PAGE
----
The Articles allowed each state to be represented by between two and seven delegates at any given time.  In practice states elected anywhere between three and seven delegates; the most common number being five.  It would often happen, however, that one or more of the persons elected would never show up, and others might be absent for significant periods.

No state adopted any form of districting during the Confederation period.  The delegates represented the state as a whole.

Term Limits

The Confederation period represents the only time in American history that members of the United States Congress have been subject to term limits.

And, strict term limits they were:  Members were limited to three consecutive one-year terms, after which they had to sit out three years to be re-eligible.  In the formal language of Article V: “(N)o person shall be capable of being a delegate for more than three years in any six years.”

madisonThe clock began to run when the Articles were ratified on March 1, 1781, at which time most members were in mid-term.  Consequently the impact was first felt in the elections of 1783.  James Madison (left), for example, had been elected by Virginia in 1780, 1781, and 1782; he had to stand down in 1783 or he would have run afoul of term limits on March 1, 1784.  He sat out the requisite three years, and then returned to Congress in 1786.

Other well-known members of Congress forced to stand down included Oliver Ellsworth, Elias Boudinot, Elbridge Gerry, Rufus King, and Madison’s fellow future president, James Monroe.

Did term limits work?  Certainly, they discouraged individuals from pursuing a lifetime career in Congress.  But, few wanted to do so anyway.  Given chronic attendance problems, it’s difficult to imagine that the United States benefited from the exclusion of men such as Madison, Boudinot, and Monroe.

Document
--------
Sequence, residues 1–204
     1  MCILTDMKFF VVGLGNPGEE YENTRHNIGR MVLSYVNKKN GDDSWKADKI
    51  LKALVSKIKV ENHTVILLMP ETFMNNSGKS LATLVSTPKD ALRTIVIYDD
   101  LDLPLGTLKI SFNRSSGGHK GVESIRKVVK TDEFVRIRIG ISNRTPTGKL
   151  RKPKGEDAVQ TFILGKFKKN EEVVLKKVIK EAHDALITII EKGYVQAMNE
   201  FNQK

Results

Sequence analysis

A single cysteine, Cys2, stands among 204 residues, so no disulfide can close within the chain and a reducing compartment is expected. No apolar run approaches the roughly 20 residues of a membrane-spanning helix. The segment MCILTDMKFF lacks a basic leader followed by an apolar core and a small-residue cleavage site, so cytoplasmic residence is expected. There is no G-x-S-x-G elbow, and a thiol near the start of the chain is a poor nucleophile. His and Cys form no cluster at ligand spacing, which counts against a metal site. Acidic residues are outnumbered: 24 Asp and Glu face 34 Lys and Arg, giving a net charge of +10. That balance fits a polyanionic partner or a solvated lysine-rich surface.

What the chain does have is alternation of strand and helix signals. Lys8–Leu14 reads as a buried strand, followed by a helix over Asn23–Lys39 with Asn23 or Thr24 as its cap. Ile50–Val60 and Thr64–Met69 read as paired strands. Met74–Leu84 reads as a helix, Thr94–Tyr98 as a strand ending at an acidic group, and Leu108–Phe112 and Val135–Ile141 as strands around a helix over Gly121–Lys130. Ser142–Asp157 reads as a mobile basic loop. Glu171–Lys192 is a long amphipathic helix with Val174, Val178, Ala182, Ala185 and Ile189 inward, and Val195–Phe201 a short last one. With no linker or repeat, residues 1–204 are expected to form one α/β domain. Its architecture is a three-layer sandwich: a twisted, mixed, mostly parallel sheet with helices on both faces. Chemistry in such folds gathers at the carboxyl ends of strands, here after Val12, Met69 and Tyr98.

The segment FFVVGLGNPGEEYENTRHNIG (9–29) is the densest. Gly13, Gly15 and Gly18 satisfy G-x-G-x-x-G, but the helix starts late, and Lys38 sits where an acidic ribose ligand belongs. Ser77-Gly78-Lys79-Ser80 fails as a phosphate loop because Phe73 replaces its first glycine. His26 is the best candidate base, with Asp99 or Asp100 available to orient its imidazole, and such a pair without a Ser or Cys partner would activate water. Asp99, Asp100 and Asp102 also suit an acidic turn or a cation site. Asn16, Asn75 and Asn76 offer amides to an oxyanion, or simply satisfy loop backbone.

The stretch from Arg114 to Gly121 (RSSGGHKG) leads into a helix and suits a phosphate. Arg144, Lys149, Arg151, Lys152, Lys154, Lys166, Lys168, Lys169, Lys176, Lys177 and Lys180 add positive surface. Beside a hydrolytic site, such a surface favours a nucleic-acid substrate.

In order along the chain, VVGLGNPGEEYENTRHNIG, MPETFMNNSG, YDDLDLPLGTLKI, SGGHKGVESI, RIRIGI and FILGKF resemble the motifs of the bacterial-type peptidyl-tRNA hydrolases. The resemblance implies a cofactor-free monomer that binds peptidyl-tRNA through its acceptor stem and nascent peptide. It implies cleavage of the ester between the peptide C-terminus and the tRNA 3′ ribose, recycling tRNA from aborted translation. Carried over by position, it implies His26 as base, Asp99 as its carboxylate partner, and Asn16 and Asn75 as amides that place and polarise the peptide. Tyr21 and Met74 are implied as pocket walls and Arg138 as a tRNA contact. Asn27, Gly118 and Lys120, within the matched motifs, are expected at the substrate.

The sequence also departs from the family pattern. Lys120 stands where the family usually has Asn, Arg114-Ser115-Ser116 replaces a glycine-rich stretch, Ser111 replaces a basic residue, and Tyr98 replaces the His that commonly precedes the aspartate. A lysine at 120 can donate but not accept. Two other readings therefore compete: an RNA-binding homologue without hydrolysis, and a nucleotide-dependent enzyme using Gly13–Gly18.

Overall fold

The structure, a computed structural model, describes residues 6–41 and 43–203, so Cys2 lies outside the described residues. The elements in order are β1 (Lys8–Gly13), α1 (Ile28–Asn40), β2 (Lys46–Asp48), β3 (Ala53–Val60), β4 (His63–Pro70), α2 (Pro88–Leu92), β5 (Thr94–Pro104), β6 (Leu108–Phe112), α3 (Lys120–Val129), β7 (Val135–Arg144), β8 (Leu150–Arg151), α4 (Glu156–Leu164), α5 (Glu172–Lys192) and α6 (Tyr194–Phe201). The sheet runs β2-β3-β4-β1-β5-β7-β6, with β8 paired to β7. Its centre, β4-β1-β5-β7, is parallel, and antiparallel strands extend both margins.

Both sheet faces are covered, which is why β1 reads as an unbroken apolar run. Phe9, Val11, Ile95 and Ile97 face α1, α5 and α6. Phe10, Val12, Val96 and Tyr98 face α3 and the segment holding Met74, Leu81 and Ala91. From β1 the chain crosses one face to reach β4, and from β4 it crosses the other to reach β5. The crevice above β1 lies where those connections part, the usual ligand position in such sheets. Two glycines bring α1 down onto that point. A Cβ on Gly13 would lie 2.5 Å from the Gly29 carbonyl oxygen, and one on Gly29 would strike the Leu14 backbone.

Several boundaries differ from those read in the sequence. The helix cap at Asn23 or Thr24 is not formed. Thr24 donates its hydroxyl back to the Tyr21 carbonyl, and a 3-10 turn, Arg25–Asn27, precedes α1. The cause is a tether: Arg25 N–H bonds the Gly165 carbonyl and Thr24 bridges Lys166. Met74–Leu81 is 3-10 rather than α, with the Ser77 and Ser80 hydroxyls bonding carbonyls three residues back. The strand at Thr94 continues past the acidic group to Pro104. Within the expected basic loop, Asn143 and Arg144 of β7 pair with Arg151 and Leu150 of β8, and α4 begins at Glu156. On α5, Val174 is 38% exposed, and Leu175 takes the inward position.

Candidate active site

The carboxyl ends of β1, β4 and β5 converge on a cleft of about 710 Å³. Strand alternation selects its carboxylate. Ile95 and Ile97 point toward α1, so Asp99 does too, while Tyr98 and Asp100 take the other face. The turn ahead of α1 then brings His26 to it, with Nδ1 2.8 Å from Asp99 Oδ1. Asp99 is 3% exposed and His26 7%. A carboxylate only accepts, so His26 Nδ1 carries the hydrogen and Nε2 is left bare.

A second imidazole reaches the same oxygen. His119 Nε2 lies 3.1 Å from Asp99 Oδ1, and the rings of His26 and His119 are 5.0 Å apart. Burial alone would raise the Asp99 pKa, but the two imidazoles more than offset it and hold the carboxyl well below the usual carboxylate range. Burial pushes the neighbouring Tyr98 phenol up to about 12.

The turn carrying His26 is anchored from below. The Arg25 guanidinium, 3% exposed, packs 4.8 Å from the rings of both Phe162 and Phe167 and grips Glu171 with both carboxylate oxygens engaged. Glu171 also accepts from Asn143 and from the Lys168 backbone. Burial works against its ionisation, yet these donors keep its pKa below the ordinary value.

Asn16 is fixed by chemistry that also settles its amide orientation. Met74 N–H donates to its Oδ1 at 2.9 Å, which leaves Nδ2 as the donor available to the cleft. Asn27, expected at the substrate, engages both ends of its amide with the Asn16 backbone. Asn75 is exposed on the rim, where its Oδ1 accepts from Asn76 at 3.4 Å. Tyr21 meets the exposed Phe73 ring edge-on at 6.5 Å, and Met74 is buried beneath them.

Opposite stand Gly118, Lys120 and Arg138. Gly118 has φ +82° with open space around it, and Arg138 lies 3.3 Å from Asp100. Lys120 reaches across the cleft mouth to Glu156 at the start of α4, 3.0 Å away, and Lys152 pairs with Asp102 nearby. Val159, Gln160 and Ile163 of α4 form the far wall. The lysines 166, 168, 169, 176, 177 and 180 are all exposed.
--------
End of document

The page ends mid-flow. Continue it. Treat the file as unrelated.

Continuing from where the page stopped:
The three-year term limit was probably overly draconian; when citizens resumed agitating for term limits for state legislatures and Congress in the late Twentieth Century, the most common proposals were for limits to consecutive tenure of between eight and 12 years.

Voting in Congress

 Congressmen voted as individuals, but their votes were counted by state.  The following excerpt from the Journals shows how it worked.



This particular vote took place on March 21, 1781, on a motion to allow Robert Morris, the new Superintendent of Finance, the power to hire and fire his assistants.  Two Virginia delegates voted aye and one no, so Virginia was aggregated into an “aye”.  New Jersey had only two delegates and they were divided.  New Hampshire had but a single delegate; he voted, but his vote didn’t count, because the Articles required each state to be represented by at least two delegates.  New Hampshire is thus asterisked as an abstention.  Rhode Island had no delegates present, and is not shown at all.

The tally (not shown) was nine states in favor, one opposed, one divided, one (New Hampshire) under-represented, and one (Rhode Island) unrepresented.  The motion carried.

The Articles specified that no motion “except for adjourning from day to day, be determined, unless by a vote of a majority of the United States, in Congress assembled”.  Congress interpreted this to mean that no motion of any kind could pass without the support of at least seven out of the 13 states.  This was a departure from previous practice in the Continental Congress, under which a motion could be carried, for example, by six states to four.  Under the Confederation rule, every divided state, every under-represented state, and every absent state effectively acted as a negative on every question.   Given chronic absenteeism, this led to frequent paralysis and deadlock.